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A.-Belzoni ancient appeared Arabs arrived bank beautiful began Belzoni Berenice Bernard boat Cairo called camels caves continued course covered crossed dear delightful discovered door Egypt Egyptians Emily entered entrance expect feet figures formed four gave give Gournou ground heard hope hundred idea intended Italy land Laura leaves light live look machine mamma mean mind morning mother mountains mummies never night Nile object once Owen painted passage passed piece plain poor present proceeded pyramids reached remains returned rocks ruins sand scene Scheik seen side situation stones suppose tell temple Thebes thing thought tion told tombs took town traveller trees turned valley various village walls weight whilst whole wished wonder wood
Pagina 186 - Our revels now are ended: these our actors, As I foretold you, were all spirits, and Are melted into air, into thin air: And, like the baseless fabric of this vision The cloud-capp'd towers, the gorgeous palaces, The solemn temples, the great globe itself, Yea, all which it inherits, shall dissolve, And, like this insubstantial pageant faded, Leave not a rack behind: We are such stuff As dreams are made of, and our little life Is rounded with a sleep.
Pagina 104 - ... me with horror. The blackness of the wall, the faint light given by the candles or torches for want of air, the different objects that surrounded me, seeming to converse with each other, and the Arabs with the candles or torches in their hands, naked and covered with dust, themselves resembling living mummies, absolutely formed a scene that cannot be described.
Pagina 104 - I sunk altogether among the broken mummies, with a crash of bones, rags, and wooden cases, which raised such a dust as kept me motionless for a quarter of an hour, waiting till it subsided again.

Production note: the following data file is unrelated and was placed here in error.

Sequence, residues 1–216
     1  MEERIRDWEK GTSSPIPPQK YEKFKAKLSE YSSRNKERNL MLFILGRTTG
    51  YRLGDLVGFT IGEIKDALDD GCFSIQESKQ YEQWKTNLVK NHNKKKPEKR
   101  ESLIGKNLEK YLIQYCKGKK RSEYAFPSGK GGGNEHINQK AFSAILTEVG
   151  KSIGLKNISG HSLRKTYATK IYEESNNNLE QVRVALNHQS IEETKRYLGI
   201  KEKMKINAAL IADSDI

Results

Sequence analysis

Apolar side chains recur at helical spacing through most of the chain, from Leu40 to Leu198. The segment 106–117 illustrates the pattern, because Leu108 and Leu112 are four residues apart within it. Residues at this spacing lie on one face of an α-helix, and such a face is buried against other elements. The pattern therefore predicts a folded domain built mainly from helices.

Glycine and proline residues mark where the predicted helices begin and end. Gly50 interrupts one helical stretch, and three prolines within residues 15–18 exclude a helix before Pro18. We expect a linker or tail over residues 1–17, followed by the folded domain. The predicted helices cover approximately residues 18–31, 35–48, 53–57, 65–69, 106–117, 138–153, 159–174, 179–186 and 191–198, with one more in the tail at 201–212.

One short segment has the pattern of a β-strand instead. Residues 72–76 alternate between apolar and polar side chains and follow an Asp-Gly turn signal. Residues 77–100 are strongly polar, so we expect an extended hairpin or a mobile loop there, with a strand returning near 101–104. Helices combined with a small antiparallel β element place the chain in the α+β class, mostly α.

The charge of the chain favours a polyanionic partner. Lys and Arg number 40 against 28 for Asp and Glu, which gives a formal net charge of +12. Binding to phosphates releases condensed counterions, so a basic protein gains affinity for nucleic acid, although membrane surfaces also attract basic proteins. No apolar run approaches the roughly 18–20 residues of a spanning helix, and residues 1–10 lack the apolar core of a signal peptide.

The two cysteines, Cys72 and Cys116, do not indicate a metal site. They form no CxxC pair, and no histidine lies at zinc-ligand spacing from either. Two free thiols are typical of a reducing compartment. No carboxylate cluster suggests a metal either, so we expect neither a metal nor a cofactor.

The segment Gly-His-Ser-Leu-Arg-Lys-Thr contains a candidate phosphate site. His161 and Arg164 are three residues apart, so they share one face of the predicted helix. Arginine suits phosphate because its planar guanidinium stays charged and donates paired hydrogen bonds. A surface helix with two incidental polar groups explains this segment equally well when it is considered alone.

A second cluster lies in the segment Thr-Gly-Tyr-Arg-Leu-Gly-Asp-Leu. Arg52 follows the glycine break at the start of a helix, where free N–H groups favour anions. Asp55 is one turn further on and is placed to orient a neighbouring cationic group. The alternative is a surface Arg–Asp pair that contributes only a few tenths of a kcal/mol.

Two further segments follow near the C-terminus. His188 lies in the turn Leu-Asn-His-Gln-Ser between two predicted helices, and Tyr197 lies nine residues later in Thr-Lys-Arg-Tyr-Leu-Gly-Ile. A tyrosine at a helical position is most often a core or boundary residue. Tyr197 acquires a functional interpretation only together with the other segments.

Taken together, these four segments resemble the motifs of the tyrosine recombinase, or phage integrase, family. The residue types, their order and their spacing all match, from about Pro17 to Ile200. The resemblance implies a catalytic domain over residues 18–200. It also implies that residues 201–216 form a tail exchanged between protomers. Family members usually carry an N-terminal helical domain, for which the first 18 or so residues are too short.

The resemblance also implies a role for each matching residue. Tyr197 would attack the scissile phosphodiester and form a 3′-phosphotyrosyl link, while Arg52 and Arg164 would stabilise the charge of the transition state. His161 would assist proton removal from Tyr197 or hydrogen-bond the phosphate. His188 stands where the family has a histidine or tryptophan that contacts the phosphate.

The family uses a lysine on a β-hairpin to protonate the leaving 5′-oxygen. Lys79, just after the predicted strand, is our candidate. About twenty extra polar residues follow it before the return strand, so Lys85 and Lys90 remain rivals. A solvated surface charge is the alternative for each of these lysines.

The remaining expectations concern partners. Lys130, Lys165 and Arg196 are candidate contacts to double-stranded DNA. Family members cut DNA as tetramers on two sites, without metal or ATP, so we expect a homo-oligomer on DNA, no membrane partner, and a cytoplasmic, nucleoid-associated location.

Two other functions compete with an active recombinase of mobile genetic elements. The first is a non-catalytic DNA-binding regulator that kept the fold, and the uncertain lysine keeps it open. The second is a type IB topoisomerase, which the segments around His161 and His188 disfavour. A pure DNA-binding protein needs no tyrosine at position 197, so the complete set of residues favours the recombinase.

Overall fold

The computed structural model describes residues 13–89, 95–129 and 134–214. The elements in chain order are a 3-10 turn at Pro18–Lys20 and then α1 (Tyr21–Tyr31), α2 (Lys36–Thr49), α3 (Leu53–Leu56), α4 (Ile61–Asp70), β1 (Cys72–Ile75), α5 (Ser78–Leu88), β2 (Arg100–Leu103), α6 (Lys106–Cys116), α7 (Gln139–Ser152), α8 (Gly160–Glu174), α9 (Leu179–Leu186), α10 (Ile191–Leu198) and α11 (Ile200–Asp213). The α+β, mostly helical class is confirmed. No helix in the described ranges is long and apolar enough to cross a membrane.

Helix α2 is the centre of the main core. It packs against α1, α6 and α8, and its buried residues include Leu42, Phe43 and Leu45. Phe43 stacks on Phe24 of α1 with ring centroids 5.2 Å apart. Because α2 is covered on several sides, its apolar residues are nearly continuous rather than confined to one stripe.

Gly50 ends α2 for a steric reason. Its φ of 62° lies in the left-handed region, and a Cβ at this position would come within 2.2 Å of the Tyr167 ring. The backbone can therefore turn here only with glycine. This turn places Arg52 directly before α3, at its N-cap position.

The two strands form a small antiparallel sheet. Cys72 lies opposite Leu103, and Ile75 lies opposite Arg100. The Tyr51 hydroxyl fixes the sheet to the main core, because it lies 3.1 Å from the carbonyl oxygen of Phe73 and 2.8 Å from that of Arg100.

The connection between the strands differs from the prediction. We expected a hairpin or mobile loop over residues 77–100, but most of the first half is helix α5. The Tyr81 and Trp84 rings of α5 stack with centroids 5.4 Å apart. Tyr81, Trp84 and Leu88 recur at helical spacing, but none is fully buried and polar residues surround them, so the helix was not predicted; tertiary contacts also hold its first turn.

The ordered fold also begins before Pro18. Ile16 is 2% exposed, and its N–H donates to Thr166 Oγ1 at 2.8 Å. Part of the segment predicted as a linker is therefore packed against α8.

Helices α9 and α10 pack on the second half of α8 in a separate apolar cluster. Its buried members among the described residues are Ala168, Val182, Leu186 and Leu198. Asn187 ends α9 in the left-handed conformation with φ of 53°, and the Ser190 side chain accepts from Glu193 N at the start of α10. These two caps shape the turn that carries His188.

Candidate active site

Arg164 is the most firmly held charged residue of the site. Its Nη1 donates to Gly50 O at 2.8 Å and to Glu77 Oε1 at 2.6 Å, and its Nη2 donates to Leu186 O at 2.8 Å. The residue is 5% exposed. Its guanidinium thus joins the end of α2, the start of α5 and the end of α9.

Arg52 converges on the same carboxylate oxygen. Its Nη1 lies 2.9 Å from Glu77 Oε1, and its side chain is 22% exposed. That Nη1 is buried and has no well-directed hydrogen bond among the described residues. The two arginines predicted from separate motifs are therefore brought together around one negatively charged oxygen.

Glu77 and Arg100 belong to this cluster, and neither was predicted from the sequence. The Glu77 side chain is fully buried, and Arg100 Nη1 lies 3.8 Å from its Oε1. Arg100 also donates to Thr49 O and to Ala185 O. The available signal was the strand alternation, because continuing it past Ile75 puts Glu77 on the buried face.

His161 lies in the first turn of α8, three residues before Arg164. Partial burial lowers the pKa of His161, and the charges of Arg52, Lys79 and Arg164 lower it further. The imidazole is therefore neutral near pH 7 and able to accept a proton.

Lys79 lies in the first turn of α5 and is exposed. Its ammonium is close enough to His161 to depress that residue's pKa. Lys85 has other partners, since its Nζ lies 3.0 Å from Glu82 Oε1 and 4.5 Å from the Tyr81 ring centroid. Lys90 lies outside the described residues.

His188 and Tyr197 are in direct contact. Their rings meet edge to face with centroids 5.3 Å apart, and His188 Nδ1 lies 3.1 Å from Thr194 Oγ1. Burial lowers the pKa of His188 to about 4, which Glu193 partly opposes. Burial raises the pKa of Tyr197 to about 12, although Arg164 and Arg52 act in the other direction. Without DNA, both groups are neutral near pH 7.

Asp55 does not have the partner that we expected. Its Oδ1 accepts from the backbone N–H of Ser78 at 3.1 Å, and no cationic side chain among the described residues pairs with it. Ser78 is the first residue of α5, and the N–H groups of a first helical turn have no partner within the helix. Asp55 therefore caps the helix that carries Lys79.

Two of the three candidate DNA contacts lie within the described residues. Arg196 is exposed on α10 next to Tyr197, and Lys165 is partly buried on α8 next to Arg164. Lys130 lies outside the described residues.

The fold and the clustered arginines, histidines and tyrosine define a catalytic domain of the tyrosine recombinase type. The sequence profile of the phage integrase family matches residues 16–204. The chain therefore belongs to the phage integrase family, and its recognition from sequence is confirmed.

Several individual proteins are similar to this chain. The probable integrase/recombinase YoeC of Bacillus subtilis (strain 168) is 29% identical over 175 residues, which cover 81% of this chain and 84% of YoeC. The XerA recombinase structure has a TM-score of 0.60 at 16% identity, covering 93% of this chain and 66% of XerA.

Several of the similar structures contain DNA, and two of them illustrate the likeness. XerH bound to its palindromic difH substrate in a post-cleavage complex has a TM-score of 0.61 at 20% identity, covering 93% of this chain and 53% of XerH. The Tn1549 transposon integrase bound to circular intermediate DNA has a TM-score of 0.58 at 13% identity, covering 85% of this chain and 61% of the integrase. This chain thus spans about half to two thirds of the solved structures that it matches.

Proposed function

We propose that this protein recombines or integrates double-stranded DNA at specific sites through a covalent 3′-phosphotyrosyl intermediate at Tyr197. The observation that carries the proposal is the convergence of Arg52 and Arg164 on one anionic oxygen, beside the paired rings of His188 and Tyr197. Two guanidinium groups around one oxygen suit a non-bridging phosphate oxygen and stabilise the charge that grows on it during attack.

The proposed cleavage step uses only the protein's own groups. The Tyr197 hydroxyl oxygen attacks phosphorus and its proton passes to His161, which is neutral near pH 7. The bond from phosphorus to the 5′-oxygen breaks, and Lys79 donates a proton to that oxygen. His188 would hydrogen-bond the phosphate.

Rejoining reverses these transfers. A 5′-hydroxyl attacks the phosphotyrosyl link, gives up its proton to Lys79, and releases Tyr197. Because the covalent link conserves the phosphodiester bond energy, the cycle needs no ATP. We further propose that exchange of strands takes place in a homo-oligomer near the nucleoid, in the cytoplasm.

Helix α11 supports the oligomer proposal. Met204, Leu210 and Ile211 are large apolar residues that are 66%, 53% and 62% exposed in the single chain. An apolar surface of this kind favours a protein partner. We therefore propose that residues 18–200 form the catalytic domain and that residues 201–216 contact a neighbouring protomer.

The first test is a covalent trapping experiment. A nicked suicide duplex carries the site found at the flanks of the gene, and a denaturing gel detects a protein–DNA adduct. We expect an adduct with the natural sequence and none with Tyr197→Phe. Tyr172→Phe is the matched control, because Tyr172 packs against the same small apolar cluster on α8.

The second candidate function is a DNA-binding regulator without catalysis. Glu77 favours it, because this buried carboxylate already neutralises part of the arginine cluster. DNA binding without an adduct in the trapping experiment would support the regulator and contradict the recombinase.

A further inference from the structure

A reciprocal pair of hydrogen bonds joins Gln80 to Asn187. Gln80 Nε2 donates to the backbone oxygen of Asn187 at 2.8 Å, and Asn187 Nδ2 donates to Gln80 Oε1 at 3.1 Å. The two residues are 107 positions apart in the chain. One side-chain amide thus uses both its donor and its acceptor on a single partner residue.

Pagina 35 - ... fail to wonder how a nation, which was once so great as to erect these stupendous edifices, could so far fall into oblivion, that even its language and writing are totally unknown to us.
Pagina 112 - I THANK the goodness and the grace Which on my birth have smiled, And made me, in these Christian days, A happy English child.
Pagina 139 - ... to enter, through a passage that the earth had left under the ceiling of the first corridor ; at the end of this corridor...
Pagina 205 - ... multitude. To the eye below, the capital of the pillar does not appear capable of holding more than one man upon it; but our seamen found it could contain no less than eight persons very conveniently. "It is...
Pagina 246 - True Stories from Ancient History, , . . , . Chronologically arranged from the Creation of the World to the Death : of Charlemagne. Twelfth Edition.
Pagina 220 - The hut was inhabited by a few poor fishermen, and the guide sent one of them for a boat, the only one to be had, but the shabbiest thing imaginable. It was composed of rough pieces of wood scarcely joined, and fastened by four other pieces, wrapped together by four more across, which formed the deck : no tar, no pitch, either inside or out, and the only preventive against the water coming in 'was a kind of weed moistened, which had settled in the joints of the wood.
Pagina 137 - ... sought in vain, and of presenting the world with a new and perfect monument of Egyptian antiquity, which can be recorded as superior to any other in point of grandeur, style, and preservation, appearing as if just finished on the day we entered it ; and what I found in it will show its great superiority to all others.